Book Review: The Cold Cold Ground

Adrian McKinty’s The Cold Cold Ground released way back in 2012, is a dark, Belfast noir novel set in the 1980’s that not only captures the essence of a classic crime saga but also a story of national struggle – highlighting the violence and heartbreak of the Irish Troubles.

McKinty’s writing is one of roguish masculinity, which has much to do with the personality of the main protagonist Sean Duffy. Duffy is tough but charming, rough but empathetic, down-to-earth but well-educated. We are juxtaposed between Duffy’s black, sordid humour and his ability to spring flowery prose at the drop of a hat. McKinty has created a reasonably complex human character, though sometimes his corny one-liners seem to come straight out of an episode of Midsomer Murders…

When it comes to writing, McKinty has the craft. He knows how to write an action-led mystery with a dark heart.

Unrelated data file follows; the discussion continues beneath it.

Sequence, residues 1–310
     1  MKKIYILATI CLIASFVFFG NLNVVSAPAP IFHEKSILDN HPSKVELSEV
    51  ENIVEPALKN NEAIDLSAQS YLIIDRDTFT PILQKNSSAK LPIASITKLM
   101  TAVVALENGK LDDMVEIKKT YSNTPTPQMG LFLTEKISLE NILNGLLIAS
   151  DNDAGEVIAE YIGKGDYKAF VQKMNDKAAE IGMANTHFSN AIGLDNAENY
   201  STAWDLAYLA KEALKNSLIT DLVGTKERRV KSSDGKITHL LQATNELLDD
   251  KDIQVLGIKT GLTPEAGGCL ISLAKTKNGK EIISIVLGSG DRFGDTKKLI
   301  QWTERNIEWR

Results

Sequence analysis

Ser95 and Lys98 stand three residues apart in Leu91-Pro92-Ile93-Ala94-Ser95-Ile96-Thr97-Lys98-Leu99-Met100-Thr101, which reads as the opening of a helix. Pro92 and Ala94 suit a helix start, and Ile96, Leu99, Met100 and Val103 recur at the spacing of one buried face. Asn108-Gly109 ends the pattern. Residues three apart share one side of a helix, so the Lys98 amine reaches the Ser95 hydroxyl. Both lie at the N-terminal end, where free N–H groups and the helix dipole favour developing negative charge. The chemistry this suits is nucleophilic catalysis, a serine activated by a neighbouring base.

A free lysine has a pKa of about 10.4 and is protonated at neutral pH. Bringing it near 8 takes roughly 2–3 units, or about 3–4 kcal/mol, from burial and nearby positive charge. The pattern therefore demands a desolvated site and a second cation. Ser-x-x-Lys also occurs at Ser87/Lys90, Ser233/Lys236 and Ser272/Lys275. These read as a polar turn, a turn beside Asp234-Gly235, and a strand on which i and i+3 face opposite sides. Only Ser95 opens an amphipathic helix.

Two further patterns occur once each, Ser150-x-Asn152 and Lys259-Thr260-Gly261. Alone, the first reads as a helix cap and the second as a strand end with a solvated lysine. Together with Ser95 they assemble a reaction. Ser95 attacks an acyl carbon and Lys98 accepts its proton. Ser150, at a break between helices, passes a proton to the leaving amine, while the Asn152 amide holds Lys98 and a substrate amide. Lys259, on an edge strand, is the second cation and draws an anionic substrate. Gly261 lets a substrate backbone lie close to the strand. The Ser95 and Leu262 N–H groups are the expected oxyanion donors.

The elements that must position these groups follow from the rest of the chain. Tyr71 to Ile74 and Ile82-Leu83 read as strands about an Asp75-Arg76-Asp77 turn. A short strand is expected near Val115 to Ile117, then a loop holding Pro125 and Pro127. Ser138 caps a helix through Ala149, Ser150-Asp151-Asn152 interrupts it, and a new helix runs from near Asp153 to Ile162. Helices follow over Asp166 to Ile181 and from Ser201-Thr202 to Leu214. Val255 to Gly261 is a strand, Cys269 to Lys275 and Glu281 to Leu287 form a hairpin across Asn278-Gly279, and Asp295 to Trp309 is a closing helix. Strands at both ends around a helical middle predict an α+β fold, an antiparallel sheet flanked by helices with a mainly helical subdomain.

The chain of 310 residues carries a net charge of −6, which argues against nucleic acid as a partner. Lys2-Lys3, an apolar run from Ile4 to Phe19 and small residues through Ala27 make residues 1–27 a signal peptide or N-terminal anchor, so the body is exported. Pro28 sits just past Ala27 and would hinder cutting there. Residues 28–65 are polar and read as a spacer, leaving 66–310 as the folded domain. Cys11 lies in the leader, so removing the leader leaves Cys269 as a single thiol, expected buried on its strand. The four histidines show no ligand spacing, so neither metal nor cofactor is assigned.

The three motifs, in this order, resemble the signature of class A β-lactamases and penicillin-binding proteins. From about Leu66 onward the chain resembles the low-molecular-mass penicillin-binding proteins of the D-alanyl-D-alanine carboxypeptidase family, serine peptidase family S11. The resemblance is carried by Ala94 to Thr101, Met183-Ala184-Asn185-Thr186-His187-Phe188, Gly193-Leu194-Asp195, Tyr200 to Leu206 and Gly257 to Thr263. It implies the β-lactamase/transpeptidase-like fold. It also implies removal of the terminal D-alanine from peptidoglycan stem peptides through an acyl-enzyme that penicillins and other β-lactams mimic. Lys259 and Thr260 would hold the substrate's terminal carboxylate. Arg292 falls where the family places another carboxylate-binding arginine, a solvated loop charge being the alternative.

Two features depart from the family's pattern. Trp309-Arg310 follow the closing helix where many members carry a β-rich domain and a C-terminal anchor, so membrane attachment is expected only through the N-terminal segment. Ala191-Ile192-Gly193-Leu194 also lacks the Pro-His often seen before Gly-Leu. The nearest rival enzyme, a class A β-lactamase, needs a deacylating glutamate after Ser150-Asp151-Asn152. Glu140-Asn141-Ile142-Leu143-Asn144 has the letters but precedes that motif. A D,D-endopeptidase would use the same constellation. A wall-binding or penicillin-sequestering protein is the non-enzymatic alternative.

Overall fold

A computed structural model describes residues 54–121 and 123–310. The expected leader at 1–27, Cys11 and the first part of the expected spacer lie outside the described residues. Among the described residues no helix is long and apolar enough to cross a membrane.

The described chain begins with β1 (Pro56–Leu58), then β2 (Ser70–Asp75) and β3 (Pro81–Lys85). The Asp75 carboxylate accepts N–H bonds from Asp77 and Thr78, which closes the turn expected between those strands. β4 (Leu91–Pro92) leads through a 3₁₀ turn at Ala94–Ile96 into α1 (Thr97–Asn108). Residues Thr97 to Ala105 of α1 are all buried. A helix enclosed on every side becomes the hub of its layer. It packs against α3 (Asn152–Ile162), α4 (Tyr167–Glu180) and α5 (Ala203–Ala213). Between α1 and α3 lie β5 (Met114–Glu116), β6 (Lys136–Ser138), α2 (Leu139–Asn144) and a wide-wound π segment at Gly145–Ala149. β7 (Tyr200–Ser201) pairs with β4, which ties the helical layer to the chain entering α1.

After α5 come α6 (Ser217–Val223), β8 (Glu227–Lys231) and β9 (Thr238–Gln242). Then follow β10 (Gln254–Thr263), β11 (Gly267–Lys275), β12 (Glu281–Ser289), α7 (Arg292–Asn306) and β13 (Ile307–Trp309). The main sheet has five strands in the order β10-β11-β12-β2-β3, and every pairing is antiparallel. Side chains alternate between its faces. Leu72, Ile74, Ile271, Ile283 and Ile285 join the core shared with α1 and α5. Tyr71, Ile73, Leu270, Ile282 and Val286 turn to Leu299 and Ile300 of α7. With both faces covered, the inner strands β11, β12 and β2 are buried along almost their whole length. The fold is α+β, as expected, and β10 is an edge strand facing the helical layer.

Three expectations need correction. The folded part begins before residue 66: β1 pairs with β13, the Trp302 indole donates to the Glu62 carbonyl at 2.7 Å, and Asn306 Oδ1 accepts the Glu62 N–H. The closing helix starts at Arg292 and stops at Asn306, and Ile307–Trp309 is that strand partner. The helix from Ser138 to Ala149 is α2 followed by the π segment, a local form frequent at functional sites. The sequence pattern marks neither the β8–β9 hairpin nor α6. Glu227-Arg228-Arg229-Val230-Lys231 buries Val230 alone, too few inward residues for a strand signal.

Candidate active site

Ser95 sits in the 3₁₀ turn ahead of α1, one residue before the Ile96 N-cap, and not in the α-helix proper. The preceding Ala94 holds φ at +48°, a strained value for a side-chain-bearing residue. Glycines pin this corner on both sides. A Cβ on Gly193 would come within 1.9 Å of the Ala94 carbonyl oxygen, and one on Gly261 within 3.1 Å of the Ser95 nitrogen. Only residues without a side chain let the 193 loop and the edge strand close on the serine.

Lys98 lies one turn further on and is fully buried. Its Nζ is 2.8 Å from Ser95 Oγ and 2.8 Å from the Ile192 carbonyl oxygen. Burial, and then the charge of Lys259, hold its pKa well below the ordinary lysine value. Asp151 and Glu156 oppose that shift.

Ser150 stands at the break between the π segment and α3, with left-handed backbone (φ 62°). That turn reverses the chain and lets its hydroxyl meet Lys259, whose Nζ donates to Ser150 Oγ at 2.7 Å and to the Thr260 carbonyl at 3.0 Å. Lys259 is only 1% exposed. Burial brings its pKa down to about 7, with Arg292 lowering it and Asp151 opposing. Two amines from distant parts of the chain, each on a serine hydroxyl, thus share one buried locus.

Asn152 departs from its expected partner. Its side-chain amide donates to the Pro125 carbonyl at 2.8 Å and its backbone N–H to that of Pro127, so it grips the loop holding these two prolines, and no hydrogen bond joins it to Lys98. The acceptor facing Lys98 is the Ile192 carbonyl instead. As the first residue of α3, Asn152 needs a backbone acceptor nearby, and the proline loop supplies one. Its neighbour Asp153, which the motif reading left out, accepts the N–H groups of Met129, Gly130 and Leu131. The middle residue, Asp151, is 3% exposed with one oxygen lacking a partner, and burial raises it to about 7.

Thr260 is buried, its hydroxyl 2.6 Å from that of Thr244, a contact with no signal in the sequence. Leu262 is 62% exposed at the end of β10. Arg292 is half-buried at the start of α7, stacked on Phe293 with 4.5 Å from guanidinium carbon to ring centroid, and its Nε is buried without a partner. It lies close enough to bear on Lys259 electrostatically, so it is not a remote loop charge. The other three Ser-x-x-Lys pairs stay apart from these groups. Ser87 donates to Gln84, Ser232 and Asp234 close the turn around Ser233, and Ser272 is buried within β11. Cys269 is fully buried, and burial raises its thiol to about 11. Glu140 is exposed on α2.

And what of the plot?

At first, there are many layers to the action. It begins with two murders, and a suicide seeming so “unrelated” that the reader could only assume that they were, in fact, intrinsically linked. Maybe this was McKinty’s intention.

Then on top of that, we have the almost apocalyptic backdrop of the Irish Troubles, with the IRA, RUC, DUP and so forth. For those who aren’t familiar with the context, it might seem too much to keep up with. But McKinty handles the subject matter extremely well, gently explaining to the reader, without holding their hand and slowing the action.

The setting is the layer that really sells the story in the beginning, making it not just another detective ‘whodunnit?’. And as we later find out, the setting becomes intrinsic to the action as we discover Scavanni’s motives behind the murders.

I find the ending a tad rushed. The pace of the book overall follows that of a classic crime drama, and then in the last few chapters of the books, flips the script and becomes a fast-paced spy saga (almost)… I’m undecided on whether I love this, or hate it.

One thing is for sure. The way Sean Duffy leaves us, makes me want to definitely pick up the next thriller in the series.

Overall, McKinty has delivered an original, thrilling read.

 

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